FIGURE 3
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Figure 3. Th17-lineage cells are reduced following the inhibition of fatty acid synthesis. Memory CD45RO+CD4+ T cells were isolated from PBMC of healthy donors, stimulated with anti-CD3 and irrAPC for 5 d and stained for CD4, CD161, and ACC1/2. Representative histograms and MFI of ACC1/2 expression on CD4+CD161+ (CD161+) and CD4+CD161 (CD161) cells (n = 5) (A). Memory CD45RO+CD4+ T cells were cultured for 5 d with anti-CD3 and irrAPC in the presence or absence of TOFA, C75, or cerulenin. Cells were re-stimulated with PMA and ionomycin in the presence of brefeldin A; stained for CD161, IL-17, IFN-γ, CD3, and CD8 and analyzed by flow cytometry (gated on live, single CD3+CD8 cells). The effect of TOFA (n = 4) (B), C75 (n = 8) (C), or cerulenin (n = 9–10) (D) on the frequencies of CD4+ T cells expressing CD161, IL-17 and IFN-γ are shown. (B) *p < 0.05, **p < 0.01.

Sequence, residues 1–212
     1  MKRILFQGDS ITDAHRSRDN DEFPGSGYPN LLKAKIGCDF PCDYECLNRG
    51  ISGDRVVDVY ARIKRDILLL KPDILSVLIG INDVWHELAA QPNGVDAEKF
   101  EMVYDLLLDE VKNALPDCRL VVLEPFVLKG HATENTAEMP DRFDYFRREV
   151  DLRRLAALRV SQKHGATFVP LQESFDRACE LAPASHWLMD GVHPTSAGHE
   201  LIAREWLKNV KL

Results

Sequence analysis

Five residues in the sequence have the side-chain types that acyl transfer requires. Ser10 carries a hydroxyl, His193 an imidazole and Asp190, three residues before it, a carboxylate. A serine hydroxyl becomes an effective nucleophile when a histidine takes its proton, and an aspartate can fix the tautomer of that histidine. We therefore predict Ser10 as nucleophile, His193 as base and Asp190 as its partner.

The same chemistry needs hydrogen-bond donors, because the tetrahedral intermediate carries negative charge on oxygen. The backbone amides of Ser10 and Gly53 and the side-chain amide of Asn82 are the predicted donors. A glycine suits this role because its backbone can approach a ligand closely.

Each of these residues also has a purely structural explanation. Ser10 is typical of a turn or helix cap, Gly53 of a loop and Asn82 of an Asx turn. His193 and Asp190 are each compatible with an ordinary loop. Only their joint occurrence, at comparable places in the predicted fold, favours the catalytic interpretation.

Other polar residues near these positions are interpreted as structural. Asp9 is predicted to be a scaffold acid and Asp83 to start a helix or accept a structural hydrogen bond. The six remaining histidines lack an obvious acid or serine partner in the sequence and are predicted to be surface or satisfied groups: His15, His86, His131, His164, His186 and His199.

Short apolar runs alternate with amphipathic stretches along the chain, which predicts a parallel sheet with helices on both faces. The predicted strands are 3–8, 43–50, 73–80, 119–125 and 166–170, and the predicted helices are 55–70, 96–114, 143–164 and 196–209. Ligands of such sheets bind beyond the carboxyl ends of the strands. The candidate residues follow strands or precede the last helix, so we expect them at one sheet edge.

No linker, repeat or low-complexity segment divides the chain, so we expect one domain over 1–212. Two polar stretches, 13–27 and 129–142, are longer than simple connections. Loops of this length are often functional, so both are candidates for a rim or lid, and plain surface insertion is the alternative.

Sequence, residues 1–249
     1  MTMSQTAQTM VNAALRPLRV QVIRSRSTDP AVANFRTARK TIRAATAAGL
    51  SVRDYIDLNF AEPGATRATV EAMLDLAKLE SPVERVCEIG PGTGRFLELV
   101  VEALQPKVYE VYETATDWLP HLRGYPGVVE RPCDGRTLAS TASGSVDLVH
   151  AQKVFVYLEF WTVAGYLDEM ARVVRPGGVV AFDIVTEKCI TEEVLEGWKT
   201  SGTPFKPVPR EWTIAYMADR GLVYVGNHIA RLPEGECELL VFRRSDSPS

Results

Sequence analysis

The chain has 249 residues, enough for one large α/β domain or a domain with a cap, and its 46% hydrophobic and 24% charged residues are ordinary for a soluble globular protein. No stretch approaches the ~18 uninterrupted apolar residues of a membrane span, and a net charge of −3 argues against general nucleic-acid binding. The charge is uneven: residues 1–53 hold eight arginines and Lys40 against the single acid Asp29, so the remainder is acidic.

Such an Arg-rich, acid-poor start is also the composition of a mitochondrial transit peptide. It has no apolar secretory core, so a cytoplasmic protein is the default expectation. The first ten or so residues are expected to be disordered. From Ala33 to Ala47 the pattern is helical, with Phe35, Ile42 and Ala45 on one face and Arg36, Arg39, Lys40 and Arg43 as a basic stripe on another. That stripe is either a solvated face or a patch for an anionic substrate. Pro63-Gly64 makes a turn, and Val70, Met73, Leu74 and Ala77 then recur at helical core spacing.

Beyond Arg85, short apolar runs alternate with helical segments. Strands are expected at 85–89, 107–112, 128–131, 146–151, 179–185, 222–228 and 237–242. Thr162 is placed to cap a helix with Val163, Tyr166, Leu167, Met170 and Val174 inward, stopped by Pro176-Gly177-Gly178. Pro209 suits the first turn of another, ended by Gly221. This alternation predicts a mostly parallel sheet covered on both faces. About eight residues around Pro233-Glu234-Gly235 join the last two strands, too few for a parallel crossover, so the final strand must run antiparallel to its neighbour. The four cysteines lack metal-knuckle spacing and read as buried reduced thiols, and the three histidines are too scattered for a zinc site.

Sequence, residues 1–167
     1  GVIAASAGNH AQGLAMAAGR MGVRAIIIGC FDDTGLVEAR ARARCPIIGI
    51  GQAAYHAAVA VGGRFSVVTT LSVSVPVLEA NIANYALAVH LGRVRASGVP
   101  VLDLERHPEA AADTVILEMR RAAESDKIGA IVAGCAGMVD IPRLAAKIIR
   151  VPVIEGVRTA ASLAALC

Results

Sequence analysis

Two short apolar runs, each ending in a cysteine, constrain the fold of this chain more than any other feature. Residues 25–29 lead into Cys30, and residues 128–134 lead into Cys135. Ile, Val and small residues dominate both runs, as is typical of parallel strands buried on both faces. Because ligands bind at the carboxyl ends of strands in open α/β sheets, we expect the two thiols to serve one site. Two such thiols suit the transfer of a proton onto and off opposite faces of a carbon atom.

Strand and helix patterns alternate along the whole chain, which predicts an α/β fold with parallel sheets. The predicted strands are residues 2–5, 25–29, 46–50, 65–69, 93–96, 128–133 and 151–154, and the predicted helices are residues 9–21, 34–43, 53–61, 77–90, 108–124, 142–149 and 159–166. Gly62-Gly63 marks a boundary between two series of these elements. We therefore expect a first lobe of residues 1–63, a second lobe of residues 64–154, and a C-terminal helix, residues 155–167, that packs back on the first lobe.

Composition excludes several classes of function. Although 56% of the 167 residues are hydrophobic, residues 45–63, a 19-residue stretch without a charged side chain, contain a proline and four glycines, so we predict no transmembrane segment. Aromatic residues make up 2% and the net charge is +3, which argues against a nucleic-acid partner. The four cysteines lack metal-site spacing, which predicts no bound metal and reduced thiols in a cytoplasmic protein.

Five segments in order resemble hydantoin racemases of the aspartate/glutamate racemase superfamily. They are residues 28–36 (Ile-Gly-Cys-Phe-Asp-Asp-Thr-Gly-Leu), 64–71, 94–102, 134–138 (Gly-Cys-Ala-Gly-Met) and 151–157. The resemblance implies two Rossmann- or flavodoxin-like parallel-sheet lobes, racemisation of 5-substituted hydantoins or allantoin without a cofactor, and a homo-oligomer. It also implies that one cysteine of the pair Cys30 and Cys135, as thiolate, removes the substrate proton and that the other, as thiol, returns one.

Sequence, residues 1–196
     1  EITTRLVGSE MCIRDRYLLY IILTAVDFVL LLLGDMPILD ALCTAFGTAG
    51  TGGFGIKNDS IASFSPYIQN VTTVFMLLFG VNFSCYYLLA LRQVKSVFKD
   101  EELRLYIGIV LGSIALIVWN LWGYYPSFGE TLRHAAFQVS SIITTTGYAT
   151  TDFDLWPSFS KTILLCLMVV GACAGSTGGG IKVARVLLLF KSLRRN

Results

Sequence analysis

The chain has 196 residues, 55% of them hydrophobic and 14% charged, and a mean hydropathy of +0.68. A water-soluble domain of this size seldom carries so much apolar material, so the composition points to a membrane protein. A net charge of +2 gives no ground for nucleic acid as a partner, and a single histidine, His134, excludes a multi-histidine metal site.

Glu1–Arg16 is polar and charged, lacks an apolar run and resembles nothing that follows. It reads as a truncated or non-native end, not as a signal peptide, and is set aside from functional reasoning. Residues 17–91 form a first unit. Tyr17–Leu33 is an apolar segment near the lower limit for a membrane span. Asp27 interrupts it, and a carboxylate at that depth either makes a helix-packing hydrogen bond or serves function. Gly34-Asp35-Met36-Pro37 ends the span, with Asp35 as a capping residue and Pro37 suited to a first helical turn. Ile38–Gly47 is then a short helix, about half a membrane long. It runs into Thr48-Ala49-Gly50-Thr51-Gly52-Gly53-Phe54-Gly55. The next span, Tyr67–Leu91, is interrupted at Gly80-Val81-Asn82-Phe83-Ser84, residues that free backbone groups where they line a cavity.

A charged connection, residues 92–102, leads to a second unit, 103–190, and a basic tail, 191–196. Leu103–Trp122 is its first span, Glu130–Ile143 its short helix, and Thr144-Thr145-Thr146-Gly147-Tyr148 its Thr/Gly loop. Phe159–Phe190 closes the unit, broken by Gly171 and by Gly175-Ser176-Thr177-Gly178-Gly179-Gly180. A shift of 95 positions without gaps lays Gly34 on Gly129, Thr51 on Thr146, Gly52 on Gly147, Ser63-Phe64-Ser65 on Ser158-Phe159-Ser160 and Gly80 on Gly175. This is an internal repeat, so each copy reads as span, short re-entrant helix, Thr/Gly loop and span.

Treg Cells Exhibit Increased Oxidative Phosphorylation and Glycolysis, but Are Not Dependent on Glycolysis